3. Become familiar with the proper ACA forms
ALEs are expected to annually report to the IRS on whether they offered coverage to employees. If they do, they’re also required to provide information about that coverage. The information on these forms is used to determine whether an ALE owes a payment under the employer shared responsibility provisions and whether employees are eligible for the premium tax credit. Failure to report incurs a penalty. Thus, human resources personnel should thoroughly familiarize themselves with the following:
A 1095-C form is filed for any employee of an ALE who is a full-time employee for one or more months of the calendar. ALEs must report information for all twelve months of the calendar year for each employee. They also must furnish employees with a copy of their 1095-C form. (All employees eligible for coverage should get a 1095-C, regardless of whether they actually participate in the employer’s health plan.) Some states possess individual mandates requiring residents to have health coverage, and this document offers proof.
The three sections of this IRS form are:
Part I: Employee and employer (ALE) identification and contact information, including the Employer Identification Number (EIN).
Part II: Employ offer of coverage, broken down by months.
Part III: A list of covered individuals (such as dependents).
ALEs with fewer than 250 forms to send to the IRS can file paper 1095-C forms, accompanied by a paper 1094-C (see below) as the cover sheet. They can also do electronic filing, which the IRS prefers. Transmittal must be done electronically when submitting 250 or more forms.
Form 1094-C, Transmittal of Employer-Provided Health Insurance Offer and Coverage Information Returns
ALEs file a 1094-C form to provide collective information about their company’s health insurance coverage. Think of it as a summary of all the completed 1095-C forms. Only the IRS receives the 1094-C; employees do not get a copy.
Form 1094-C includes the following information:
Employer basics (address, phone number, employer identification number).
The number of employees the company has.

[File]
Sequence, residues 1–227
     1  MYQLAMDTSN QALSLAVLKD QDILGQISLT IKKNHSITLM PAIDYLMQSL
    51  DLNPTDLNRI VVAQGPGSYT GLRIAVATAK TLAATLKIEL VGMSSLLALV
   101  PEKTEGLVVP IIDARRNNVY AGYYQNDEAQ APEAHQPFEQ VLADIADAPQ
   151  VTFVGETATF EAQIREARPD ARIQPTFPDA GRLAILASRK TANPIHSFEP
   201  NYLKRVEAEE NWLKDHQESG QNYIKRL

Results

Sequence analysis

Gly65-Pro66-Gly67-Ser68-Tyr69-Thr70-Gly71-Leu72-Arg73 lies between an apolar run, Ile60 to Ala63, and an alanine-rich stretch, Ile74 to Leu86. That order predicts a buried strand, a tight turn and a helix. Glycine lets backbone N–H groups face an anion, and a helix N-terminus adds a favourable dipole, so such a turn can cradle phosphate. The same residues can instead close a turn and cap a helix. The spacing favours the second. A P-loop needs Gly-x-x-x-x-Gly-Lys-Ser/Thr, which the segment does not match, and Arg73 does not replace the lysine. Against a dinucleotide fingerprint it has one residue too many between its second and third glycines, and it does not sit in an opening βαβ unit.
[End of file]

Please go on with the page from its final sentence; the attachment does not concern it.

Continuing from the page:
The name of a contact person.
How many 1095-C forms are being sent.
4. Be aware of important filing dates
Generally, companies must file reporting forms 1094-C and 1095-C by February 28 (if filing on paper) or March 31 (if filing electronically) of the year following the calendar year to which the return relates. If the due date falls on a weekend or legal holiday, then the due date is the following business day. A business day is any day that is not a Saturday, Sunday, or legal holiday.
For tax year 2022, this translates into these IRS reporting deadlines:
February 28, 2023, for filing paper Forms 1094-C and 1095-C
March 31, 2023, for filing Form 1094-C and 1095-C electronically
ALEs have until March 2, 2023, to furnish employees with their copy of Form 1095-C.
Note that the IRS recommends keeping copies of filed information returns (or having the ability to reconstruct data) for at least three years from the due date of the returns.
5. Determine small business responsibilities, if any
While ALEs definitely need to concern themselves with ACA reporting, what about small businesses? As mentioned earlier, a priary purpose of ACA reporting is to determine whether an employer owes the government an Employer Shared Responsibility payment. Small businesses do not.
As clearly stated by HealthCare.gov: “No small employer, generally those with fewer than 50 full-time and full-time equivalent employees, is subject to the Employer Shared Responsibility Payment, regardless of whether they offer health insurance to their employees.”
Thus, unlike their larger counterparts, non-ALEs do not automatically by virtue of size trigger the need to file Forms 1095-C and 1094-C.
The IRS, however, notes that reporting requirements do exist for health insurance issuers, plan sponsors of self-insured group health plan coverage, and the executive department or agency of a governmental unit that provides coverage under a government-sponsored program. This includes insurance providers sending people they cover a copy of Form 1095-B as proof of minimum essential coverage.
Remember that as with all compliance-related issues, all businesses regardless of size should consult their legal team to review individual circumstances. Also, HR professionals should consider boosting their knowledge on ACA employer reporting by regularly reading up on it or seeking out webinars that cover the topic in detail.